And yet Brodkey must have had something going for him all those years when he managed to convince a few influential tastemakers that he was an unheralded genius and I believe he did. His mature style - a heterogenous mix of colloquial intimacy and ambitious abstraction - was truly unique and, at its occasional best, as surpassingly expressive as his literary padrones claimed. "This Wild Darkness", composed during a terminal illness, understandably does not represent this style at its highest pitch but it is still something that absolutely no one else could have written. That just might be achievement enough.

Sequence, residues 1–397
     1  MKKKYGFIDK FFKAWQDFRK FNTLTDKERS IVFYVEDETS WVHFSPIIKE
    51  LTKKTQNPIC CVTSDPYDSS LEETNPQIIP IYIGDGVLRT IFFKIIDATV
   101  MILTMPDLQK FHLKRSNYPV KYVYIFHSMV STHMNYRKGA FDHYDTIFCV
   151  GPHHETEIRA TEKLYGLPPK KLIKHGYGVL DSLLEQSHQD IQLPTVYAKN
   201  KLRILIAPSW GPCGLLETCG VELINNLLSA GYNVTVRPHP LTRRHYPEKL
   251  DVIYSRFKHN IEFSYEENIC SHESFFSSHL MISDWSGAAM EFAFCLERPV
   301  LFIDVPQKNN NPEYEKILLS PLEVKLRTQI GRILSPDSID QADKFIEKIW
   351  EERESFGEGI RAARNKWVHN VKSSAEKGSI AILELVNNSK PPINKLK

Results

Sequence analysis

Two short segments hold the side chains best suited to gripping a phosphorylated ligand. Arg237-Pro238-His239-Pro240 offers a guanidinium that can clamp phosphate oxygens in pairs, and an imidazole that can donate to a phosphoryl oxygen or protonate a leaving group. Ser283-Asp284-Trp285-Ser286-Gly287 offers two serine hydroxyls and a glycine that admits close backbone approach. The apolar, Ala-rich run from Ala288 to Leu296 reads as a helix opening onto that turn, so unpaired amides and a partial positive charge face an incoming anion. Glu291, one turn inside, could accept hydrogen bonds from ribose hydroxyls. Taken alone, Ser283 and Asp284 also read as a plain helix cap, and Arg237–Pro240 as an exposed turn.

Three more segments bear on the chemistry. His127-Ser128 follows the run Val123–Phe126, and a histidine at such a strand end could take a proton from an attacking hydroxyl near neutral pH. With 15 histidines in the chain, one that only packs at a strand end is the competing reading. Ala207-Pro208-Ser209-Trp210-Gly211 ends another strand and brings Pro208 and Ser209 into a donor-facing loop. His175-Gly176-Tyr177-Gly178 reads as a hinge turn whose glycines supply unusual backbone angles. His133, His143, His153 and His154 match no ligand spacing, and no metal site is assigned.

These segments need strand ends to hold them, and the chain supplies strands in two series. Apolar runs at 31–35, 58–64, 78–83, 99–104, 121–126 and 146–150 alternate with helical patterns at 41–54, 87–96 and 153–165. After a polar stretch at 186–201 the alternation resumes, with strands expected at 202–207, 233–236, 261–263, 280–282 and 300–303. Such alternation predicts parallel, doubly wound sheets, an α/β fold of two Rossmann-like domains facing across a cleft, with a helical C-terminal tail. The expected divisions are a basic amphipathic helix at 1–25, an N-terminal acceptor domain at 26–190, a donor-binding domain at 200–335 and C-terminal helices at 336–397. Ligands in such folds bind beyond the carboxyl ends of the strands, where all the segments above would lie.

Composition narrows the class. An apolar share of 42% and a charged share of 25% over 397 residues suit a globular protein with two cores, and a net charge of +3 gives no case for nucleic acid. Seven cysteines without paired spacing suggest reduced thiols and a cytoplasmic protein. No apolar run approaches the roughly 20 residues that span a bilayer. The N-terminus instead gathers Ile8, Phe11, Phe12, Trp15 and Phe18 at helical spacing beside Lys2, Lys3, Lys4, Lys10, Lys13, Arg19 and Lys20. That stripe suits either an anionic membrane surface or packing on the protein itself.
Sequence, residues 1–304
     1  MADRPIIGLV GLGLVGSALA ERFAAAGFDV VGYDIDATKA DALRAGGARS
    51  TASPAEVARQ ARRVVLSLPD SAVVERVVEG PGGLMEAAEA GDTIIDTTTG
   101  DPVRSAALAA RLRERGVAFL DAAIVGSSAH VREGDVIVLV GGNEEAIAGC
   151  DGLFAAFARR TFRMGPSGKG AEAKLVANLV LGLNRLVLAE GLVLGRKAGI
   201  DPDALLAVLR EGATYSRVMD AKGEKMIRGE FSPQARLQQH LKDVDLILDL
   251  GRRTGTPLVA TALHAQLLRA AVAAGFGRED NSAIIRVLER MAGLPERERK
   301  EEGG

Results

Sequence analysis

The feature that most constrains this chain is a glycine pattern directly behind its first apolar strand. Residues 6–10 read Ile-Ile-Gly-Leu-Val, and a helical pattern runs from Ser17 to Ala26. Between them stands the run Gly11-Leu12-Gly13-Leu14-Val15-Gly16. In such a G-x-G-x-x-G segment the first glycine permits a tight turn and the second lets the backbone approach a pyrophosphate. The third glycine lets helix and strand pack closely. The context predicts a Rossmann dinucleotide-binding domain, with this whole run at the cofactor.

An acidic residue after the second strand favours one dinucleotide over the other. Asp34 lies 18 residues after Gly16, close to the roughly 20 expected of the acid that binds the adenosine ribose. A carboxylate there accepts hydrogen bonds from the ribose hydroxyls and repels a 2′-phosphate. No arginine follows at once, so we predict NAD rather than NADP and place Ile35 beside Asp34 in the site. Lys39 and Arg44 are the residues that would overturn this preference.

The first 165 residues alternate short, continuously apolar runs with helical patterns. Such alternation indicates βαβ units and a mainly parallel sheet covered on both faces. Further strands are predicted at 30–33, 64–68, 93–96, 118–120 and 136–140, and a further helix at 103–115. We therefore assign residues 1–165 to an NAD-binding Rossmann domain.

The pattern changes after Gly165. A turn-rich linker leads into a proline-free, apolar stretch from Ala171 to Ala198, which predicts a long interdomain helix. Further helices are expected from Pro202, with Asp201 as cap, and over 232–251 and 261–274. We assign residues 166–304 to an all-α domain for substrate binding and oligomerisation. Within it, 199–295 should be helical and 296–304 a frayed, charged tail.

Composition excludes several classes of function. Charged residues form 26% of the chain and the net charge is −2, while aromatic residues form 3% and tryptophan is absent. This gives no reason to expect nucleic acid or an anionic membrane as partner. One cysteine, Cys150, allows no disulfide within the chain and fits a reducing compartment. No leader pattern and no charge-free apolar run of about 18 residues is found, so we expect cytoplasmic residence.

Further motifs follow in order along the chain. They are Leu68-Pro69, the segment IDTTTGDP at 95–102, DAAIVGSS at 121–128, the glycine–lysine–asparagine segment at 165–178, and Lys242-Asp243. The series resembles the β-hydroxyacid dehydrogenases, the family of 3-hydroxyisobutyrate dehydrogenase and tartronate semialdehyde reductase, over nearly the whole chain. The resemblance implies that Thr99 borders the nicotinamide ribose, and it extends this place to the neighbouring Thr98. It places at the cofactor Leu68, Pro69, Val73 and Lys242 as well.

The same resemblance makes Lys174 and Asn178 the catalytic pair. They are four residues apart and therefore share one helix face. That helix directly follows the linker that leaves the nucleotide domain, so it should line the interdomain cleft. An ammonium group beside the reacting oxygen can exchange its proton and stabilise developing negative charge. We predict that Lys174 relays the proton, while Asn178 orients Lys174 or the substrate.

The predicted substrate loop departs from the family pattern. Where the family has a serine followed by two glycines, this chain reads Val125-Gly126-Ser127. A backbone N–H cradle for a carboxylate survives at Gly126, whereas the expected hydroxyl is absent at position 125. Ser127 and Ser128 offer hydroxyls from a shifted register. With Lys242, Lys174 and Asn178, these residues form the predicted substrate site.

6 of 6 people found the following review helpful
Not a typical memoir about dying. 22 Aug. 1998
By A Customer - Published on Amazon.com
Format: Paperback
Harold Brodkey admits that he is not an easy person to like. It also appears that it was not easy for him to live inside his own skin. But during the three years that he lived with the knowledge that he would die from AIDS, he strove to look, unflichingly, into the face of death. Like the rest of us, he could not always endure the truth. He did, however, write a report from the land of the terminally ill that is unsentimental and painful, with occasional flashes of illumination.
6 of 6 people found the following review helpful
We're all human, after all. 17 May 1998
By Kristin Summerlin - Published on Amazon.com
Format: Hardcover